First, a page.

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Bill That Could Hurt Cities For Changing Their Zoning Moves Through Florida Legislature

Bill That Could Hurt Cities For Changing Their Zoning Moves Through Florida Legislature
Florida sprawl goes right up to the Everglades.

Florida's Bert Harris Act, passed in 1995, allows property owners to seek compensation if a municipality changes its zoning or land use regulations and the land loses resale value. A bill that would tweak that law, improving the process for property owners, is now making its way through the state legislature.

Critics say it could be a disaster for local governments and taxpayers, exposing them to massive financial liability and hampering their ability to adjust how properties may be used. 

An analysis prepared for the Senate's rules committee described an instance of a Hollywood developer in 2002 buying land to build a 15-story condo after confirming zoning regulations with the planning and zoning director. However, when nearby residents opposed the project, the city reduced height limits to 65 feet. (The developer sued under the Bert Harris Act but lost on appeal in 2018 because it had never filed a formal application to develop the property.) 

More recently, the city of Anna Maria put zoning limits on vacation rental units, then faced more than 100 Harris Act claims, with property owners demanding more than $37M, the Tampa Bay Times reported. The city ended up settling and reinstating the lost units.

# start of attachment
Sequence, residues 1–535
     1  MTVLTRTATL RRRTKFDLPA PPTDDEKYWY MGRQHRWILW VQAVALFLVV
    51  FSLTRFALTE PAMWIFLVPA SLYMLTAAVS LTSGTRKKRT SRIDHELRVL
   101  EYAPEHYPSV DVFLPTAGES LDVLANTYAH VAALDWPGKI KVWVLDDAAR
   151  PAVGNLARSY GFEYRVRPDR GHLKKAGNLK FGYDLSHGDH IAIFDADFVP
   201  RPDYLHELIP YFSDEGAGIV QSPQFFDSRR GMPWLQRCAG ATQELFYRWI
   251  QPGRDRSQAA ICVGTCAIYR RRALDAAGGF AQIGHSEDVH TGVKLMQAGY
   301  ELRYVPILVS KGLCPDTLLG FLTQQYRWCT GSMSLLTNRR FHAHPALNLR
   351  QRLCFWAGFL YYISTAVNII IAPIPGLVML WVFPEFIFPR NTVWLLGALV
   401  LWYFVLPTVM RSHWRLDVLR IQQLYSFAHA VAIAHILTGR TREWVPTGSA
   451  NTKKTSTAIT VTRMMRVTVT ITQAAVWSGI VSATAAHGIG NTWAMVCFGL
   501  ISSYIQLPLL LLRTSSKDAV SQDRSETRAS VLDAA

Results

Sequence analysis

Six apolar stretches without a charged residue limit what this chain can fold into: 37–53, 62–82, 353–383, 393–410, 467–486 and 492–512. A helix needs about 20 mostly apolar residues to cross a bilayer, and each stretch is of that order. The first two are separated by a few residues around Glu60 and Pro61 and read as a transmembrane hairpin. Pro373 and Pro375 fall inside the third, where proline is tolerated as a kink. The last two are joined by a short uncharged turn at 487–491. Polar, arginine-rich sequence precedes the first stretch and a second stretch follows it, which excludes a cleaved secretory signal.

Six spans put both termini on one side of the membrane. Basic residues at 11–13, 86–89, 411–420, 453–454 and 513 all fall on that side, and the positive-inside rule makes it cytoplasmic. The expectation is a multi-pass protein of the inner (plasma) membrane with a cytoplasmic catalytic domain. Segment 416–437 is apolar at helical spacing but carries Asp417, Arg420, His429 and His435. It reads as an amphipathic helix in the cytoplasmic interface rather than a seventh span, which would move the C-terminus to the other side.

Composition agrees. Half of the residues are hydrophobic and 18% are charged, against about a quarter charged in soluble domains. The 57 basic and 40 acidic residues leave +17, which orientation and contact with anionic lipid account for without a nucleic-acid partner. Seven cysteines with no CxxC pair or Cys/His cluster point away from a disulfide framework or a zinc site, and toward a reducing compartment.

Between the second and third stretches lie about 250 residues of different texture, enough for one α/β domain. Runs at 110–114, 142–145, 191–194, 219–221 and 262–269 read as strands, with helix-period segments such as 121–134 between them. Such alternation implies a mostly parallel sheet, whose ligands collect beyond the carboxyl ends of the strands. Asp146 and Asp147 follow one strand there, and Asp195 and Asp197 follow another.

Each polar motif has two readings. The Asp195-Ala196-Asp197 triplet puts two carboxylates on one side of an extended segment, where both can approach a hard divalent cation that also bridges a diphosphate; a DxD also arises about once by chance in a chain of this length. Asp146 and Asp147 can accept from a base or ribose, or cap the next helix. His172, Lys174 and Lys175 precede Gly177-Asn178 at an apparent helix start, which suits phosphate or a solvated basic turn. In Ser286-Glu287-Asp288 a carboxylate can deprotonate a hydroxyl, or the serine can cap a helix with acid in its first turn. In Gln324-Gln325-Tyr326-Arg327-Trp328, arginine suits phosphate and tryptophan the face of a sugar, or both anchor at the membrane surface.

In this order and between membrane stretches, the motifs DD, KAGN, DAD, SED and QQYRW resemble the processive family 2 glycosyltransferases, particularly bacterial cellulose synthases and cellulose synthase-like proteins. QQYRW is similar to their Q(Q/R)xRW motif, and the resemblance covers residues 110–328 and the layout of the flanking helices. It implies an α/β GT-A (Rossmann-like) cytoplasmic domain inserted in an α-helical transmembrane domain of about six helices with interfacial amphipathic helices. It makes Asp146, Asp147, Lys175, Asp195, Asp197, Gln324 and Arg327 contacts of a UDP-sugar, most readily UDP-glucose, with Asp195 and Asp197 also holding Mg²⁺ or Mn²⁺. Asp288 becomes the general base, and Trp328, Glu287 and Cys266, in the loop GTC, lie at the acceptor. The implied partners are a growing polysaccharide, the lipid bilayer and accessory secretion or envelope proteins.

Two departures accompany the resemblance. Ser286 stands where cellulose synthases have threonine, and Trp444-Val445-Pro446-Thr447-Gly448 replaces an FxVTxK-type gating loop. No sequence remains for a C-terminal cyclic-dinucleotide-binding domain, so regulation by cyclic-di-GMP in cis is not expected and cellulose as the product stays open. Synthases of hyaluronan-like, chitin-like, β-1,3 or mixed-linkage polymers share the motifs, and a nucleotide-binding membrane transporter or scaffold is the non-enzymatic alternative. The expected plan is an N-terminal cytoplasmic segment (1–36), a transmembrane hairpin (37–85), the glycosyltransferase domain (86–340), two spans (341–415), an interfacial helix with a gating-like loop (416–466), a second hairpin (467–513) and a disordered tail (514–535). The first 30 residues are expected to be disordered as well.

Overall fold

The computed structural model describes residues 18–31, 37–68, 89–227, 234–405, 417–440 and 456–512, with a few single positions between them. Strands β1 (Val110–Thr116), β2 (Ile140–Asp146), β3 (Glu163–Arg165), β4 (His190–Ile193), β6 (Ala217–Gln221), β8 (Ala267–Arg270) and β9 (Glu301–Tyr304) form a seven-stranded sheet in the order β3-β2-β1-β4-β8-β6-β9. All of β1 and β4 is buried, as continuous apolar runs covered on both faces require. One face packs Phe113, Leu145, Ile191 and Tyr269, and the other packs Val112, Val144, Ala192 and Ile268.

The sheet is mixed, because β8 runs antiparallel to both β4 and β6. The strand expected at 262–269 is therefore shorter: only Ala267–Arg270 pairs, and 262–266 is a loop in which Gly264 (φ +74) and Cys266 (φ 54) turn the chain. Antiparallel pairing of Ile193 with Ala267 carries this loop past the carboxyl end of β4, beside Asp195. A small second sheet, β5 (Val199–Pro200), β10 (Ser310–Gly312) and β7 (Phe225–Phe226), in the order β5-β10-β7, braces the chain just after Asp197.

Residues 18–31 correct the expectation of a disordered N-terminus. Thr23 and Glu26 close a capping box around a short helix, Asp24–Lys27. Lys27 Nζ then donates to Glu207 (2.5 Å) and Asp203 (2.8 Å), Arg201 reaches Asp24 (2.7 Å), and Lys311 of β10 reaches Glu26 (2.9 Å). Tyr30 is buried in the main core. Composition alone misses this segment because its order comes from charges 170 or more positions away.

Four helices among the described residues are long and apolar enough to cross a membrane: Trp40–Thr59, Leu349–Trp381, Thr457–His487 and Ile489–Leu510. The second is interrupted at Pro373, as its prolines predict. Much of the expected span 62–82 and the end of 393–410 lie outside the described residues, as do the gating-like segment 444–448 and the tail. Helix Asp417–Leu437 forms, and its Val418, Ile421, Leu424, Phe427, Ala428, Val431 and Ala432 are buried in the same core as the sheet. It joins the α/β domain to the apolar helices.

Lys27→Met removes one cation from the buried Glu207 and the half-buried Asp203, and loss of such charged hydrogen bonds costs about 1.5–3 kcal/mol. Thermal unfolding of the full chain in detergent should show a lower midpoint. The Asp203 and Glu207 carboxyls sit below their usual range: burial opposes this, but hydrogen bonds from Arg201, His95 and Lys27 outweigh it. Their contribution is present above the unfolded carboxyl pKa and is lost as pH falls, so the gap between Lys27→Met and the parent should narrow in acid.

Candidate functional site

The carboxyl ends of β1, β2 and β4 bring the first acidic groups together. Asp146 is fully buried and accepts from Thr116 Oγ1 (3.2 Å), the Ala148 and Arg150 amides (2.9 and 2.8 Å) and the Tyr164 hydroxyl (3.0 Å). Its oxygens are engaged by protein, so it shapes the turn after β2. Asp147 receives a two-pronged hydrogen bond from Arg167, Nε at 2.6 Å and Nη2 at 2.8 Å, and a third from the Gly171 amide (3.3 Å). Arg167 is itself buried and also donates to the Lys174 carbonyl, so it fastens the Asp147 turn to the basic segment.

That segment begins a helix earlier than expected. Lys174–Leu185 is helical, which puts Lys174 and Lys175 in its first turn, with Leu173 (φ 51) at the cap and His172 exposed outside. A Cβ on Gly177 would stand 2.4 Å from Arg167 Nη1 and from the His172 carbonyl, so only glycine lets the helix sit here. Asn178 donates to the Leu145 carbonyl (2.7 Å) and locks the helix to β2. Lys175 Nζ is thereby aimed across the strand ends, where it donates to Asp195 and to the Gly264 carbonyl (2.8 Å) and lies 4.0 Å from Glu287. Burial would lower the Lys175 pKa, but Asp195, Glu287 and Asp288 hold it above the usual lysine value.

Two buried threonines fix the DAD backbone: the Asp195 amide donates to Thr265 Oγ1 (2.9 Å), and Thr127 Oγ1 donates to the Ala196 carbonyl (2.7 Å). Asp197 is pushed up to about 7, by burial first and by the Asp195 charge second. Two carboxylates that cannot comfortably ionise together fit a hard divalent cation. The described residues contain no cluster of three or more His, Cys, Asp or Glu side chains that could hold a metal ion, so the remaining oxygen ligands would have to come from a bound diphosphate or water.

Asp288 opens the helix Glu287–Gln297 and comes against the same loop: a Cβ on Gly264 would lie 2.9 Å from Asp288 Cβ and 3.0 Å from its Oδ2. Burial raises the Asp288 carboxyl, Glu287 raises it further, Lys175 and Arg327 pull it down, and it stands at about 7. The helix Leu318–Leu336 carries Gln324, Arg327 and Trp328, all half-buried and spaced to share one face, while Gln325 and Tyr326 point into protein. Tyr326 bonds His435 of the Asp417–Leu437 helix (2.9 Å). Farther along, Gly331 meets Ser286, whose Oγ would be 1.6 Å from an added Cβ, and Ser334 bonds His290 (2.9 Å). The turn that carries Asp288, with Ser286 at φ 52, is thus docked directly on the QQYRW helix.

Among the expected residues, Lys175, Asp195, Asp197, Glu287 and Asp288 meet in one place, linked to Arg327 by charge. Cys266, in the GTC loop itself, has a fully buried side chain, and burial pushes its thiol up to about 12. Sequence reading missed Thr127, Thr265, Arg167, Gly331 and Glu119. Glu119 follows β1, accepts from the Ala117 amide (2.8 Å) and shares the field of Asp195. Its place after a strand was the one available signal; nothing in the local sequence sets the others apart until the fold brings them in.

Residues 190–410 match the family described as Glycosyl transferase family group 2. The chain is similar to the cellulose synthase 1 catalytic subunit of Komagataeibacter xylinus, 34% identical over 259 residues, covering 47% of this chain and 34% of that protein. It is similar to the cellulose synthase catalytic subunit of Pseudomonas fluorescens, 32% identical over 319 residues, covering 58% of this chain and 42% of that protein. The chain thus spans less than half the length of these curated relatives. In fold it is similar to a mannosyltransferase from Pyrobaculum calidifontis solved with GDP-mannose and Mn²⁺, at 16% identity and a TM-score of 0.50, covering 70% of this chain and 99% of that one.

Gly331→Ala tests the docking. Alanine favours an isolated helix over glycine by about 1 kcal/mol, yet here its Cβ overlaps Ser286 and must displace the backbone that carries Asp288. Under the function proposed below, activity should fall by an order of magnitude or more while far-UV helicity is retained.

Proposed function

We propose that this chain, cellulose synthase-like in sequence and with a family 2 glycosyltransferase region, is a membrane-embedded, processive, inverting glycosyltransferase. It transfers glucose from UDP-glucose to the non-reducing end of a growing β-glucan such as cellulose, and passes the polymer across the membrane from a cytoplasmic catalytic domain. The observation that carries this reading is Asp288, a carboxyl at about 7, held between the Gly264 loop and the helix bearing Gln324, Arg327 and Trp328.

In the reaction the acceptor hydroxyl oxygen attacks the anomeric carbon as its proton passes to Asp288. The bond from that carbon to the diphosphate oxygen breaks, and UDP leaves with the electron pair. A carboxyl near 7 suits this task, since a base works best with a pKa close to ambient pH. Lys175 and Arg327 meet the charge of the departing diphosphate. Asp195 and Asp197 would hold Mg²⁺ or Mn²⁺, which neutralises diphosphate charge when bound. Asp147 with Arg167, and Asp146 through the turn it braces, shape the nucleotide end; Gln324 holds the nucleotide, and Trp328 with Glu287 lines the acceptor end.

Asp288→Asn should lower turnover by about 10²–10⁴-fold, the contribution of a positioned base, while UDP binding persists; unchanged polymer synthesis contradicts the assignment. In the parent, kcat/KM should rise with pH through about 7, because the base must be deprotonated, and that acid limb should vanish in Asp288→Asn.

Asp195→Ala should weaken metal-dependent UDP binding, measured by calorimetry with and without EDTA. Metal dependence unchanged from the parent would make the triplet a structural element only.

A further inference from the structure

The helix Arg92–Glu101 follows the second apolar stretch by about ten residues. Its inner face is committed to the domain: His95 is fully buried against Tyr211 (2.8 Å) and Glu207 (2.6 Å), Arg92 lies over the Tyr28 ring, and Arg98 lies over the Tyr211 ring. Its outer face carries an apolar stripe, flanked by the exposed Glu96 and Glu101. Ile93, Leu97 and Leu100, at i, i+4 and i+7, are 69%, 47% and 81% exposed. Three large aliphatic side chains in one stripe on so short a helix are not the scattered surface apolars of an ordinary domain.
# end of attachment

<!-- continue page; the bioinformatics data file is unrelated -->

In Venice, an effort to combine two parcels for the construction of some 1,300 homes failed to pass the city council, but last week, as a Bert Harris lawsuit loomed, the council rescinded and changed its vote.

Jay Daigneault, a lawyer who represents several beach communities, told the Tampa Bay Times an amendment to the Bert Harris Act now being proposed in the state legislature — as House Bill 519 and its companion Senate Bill 1766 — would be "a nuclear bomb to local regulation of land use.”

The bill would make it easier for property owners to make claims under the Bert Harris Act. Initially, the wording would have allowed for any compensation or settlement under the Harris Act to apply to other properties “similarly situated,” thus exposing governments to massive judgments. That provision has since been removed from the Senate version of the bill.

"Nonetheless, very damaging provisions remaining in both bills that reduce the time for governments to respond to Harris claims from 150 to 90 days, increase the likelihood of governments paying the property owners' attorney fees, and make such challenges easier to bring," activist group 1000 Friends of Florida stated. "The House version of the bill was worsened through an amendment to include making attorney fees recoverable for property owners but not local governments and negating the requirement that magistrates overseeing claims be certified mediators."

The analysis prepared for the Senate committee said that if passed, the bill would facilitate compensation for property owners, but local governments would "likely exercise caution when imposing new rules" and that "more claims will likely be submitted."

The bill has passed multiple legislative committees already. Florida's regular annual legislative session ends March 13.